The Checkout

Vote with Your Coffee Cup

Ylan Mui

It's official: There is nowhere left to hide.

Yes, this is Washington, and yes, the presidential election is only 21 days away. But now you can't even buy a cup of coffee or eat a burrito without becoming embroiled in partisan politics.

Convenience store chain 7-Eleven launched its "7-Election" campaign this month. Customers "vote" by choosing which 20-ounce coffee cup they want to use: one with Sen. John McCain's name or one with Sen. Barack Obama's.

As of this morning, here were the standings:
DC: Obama, 83 percent; McCain, 17 percent
MD: Obama, 59 percent; McCain, 41 percent
VA: Obama, 61 percent; McCain, 39 percent.
National: Obama, 59.7 percent, McCain, 40.3 percent
Results are uploaded daily to

Last go-round in 2004, the unscientific poll accurately predicted the winner. According to 7-Eleven, 51 percent of their customers chose George W. Bush cups and only 49 percent picked John Kerry -- nearly mirroring the national results.

Coffee not your preferred voting vehicle? California Tortilla yesterday rolled out the "McCain-Chilada" made with Mexican rice, mesquite chicken, tortilla strips, cheese, salsa and shredded lettuce. It's rolled in a flour tortilla and smothered with green enchilada sauce and topped with sour cream and cilantro. No word on how those calories will affect his health care plan.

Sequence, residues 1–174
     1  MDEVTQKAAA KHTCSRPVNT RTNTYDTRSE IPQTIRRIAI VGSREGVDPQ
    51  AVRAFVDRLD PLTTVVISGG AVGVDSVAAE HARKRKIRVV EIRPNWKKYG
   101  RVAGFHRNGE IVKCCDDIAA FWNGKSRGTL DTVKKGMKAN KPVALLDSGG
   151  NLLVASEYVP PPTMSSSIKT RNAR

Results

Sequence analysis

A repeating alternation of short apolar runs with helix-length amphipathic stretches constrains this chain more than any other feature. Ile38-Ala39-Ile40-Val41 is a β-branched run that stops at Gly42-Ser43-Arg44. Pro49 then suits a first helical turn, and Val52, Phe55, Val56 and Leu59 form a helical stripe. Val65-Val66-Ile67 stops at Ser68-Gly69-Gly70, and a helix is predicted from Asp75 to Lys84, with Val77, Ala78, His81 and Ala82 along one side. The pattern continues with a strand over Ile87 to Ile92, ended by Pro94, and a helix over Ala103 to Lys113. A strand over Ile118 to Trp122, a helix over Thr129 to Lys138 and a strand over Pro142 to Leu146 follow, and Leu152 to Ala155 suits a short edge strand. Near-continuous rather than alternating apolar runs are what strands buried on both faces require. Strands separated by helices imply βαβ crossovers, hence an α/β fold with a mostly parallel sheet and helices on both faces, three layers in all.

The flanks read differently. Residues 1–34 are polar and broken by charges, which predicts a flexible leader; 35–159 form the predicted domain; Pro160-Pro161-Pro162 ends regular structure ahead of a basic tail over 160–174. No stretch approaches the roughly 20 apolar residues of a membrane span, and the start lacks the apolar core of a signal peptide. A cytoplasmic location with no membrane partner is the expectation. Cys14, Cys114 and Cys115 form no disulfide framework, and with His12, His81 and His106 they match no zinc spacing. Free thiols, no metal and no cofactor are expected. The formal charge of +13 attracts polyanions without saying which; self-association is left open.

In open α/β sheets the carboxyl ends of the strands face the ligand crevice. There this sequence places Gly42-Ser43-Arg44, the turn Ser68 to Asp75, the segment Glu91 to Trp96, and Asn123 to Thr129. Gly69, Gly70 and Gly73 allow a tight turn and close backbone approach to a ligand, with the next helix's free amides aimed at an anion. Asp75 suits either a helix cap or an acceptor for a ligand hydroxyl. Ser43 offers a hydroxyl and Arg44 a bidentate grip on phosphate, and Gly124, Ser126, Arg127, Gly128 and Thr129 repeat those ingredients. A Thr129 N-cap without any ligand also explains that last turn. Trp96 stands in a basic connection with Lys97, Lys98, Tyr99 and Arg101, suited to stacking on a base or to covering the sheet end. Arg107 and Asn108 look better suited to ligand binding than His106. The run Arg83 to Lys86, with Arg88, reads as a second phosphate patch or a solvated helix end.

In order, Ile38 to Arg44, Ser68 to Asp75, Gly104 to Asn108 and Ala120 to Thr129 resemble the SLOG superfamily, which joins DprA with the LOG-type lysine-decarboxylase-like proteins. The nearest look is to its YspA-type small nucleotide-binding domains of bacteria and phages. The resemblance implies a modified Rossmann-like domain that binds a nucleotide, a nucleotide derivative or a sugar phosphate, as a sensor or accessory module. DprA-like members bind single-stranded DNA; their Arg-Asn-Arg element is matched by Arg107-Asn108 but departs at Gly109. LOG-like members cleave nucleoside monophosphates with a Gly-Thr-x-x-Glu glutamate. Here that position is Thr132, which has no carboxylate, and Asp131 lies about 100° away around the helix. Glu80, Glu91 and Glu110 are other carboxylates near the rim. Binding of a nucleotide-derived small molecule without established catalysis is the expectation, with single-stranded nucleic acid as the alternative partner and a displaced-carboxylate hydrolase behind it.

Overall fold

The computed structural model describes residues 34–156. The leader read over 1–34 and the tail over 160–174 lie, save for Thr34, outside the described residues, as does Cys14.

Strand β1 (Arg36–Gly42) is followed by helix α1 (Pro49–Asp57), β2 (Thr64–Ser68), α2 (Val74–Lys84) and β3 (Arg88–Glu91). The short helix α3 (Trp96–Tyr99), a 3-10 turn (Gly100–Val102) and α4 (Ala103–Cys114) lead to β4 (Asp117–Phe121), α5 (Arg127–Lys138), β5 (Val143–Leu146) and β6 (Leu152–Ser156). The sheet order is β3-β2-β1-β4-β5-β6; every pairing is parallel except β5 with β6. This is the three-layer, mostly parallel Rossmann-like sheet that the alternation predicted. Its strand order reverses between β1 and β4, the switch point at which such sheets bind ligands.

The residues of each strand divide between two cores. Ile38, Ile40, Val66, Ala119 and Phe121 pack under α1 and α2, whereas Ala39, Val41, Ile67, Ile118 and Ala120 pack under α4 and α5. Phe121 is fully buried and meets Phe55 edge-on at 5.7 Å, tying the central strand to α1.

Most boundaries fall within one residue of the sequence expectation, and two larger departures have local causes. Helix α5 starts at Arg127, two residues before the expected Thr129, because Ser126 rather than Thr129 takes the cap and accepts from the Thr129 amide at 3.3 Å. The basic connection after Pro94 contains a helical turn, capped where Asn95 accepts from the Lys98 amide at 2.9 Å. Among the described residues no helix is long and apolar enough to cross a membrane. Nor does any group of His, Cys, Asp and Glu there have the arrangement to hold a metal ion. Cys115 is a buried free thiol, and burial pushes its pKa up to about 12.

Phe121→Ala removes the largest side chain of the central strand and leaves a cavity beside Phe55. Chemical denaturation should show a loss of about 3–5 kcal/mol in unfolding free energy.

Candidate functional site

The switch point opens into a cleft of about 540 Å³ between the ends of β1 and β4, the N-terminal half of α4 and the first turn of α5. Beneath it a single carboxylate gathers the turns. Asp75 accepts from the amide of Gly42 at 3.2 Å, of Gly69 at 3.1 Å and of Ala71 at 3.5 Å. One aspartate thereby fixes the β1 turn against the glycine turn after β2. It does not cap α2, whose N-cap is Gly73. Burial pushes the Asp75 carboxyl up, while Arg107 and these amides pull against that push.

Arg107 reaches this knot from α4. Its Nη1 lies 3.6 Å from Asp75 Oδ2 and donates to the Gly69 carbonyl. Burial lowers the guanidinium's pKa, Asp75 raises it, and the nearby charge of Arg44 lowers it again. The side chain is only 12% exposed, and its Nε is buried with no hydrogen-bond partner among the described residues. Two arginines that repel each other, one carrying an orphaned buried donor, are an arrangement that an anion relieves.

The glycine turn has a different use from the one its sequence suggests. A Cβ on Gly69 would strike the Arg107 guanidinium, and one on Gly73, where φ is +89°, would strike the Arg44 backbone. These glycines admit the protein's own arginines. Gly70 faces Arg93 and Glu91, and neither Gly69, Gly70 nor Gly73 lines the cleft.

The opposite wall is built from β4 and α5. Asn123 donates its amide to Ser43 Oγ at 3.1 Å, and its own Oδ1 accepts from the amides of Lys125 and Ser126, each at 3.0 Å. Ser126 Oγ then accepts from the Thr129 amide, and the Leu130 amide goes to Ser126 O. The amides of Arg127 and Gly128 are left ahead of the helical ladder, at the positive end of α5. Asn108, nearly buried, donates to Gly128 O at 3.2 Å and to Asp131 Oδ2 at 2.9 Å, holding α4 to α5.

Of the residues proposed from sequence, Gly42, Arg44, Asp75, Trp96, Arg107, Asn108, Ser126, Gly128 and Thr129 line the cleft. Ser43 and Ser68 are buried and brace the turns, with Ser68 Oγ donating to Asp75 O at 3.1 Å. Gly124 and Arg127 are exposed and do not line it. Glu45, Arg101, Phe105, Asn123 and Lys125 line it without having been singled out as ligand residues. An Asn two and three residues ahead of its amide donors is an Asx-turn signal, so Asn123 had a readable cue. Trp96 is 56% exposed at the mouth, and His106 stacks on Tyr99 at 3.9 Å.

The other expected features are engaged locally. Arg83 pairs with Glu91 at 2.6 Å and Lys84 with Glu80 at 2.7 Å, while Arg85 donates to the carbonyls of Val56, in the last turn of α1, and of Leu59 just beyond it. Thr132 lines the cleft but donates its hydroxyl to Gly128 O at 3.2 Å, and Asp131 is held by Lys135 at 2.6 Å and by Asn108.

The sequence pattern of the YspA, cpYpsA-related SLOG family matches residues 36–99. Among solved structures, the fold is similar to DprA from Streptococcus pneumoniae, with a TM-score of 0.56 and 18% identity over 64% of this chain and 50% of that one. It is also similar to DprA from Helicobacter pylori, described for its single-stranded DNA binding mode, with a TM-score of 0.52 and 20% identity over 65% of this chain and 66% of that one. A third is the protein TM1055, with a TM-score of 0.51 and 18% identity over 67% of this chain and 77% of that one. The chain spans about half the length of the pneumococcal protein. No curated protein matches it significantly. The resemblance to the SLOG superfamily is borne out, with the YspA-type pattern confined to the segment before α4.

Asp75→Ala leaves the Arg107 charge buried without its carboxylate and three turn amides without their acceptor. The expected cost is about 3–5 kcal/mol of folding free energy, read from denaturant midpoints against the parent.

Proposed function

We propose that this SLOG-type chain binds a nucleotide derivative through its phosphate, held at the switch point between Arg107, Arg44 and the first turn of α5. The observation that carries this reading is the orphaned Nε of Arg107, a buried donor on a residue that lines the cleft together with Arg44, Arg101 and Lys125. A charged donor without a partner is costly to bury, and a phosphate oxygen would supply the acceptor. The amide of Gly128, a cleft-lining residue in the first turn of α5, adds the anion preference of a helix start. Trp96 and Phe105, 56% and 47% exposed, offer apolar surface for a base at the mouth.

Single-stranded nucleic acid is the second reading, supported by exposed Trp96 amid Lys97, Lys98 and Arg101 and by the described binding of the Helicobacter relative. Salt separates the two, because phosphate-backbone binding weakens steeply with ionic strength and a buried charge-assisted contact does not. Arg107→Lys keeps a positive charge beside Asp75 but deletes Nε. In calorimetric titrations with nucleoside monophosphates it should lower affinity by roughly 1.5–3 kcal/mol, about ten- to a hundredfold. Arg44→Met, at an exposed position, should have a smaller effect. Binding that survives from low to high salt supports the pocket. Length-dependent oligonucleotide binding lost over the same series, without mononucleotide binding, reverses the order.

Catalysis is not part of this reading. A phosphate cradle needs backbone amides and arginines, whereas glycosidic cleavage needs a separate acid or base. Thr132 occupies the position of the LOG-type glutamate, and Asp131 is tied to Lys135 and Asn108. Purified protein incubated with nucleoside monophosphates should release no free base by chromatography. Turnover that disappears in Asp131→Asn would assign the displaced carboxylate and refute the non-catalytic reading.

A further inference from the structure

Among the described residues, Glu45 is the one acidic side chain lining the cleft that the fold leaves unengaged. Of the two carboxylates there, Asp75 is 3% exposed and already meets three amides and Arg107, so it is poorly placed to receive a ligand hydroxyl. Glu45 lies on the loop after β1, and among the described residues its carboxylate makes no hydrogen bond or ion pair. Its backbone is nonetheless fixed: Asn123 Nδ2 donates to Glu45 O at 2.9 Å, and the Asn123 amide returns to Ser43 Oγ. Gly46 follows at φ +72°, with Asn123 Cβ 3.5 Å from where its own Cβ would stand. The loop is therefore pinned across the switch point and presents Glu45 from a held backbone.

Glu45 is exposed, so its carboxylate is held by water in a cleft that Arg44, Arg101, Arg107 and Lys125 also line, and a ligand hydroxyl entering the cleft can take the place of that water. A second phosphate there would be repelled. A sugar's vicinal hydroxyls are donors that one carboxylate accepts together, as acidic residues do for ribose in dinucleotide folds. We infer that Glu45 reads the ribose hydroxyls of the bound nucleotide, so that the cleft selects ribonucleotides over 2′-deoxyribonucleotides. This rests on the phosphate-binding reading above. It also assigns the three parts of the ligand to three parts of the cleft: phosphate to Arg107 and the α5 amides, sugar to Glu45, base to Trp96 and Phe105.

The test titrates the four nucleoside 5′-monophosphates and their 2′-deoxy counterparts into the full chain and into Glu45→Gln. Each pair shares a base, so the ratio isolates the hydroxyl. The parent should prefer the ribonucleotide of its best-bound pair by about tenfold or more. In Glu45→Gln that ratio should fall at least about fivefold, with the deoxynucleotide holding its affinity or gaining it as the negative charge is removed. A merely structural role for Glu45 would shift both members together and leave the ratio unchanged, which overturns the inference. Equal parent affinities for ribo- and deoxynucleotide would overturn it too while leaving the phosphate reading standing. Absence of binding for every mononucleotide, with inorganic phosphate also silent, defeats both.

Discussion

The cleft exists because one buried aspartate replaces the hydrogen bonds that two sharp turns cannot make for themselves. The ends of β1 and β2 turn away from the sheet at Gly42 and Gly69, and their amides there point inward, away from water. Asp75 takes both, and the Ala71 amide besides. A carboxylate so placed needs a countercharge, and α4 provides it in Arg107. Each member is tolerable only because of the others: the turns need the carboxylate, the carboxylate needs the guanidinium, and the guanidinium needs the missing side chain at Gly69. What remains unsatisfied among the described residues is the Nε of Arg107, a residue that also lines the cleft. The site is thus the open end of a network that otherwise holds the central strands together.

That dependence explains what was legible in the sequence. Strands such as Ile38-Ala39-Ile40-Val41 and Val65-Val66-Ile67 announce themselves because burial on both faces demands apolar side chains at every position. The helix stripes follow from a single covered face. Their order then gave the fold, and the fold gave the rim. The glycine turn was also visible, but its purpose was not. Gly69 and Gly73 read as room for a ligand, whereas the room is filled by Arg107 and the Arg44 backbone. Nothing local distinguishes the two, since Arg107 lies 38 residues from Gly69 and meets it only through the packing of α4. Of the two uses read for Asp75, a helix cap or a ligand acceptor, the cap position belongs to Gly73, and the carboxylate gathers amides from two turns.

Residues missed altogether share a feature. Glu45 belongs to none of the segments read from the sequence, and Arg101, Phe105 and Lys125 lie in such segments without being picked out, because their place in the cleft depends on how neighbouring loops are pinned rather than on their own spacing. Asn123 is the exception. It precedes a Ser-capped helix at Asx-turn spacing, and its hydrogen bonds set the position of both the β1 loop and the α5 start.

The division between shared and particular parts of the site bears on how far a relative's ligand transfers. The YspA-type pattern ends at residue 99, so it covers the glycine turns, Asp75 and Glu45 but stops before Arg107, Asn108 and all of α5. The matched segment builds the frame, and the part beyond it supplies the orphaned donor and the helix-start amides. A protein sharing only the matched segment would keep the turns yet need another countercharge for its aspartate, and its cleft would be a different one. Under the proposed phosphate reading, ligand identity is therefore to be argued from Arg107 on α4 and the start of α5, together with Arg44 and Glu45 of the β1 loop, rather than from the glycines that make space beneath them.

To be fair, Obama also gets his own dish, the O-Chili-Bama Burrito. He does have some ingredients that overlap with McCain, such as Mexican rice, tortilla strips, salsa, shredded lettuce and the flour tortilla. But Obama comes with jalapeno peppers and turkey chili.

California Tortilla said it would publish a running tally of "votes" every week. (Hmm, it's probably a good thing vegan Rep. Dennis Kucinich wasn't the nominee. His burrito would've been a hard sell.)

If you're hungry for a more scientific breakdown of how the candidates are doing, check out our PostPolitics polling station for the latest results.

See? Even this blog isn't safe!

By Ylan Mui |  October 14, 2008; 12:00 PM ET Consumer News , Marketing , Ylan Mui
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Please email us to report offensive comments.

well, if this isn't a scientific poll, I don't know what is! :P

Posted by: Regina | October 14, 2008 1:17 PM

This is a great example of how to spend ad dollars in a world where the consumer in control and can weed out boring, interruptive advertising. Give consumers a reason to tune you in, make your advertising a mutually beneficial event, and consumers should reward you with their attention and (hopefully) their business. Kudos to 7 Eleven. If interested, you can read my argument here:

Posted by: Mark McGuire | October 16, 2008 6:29 PM

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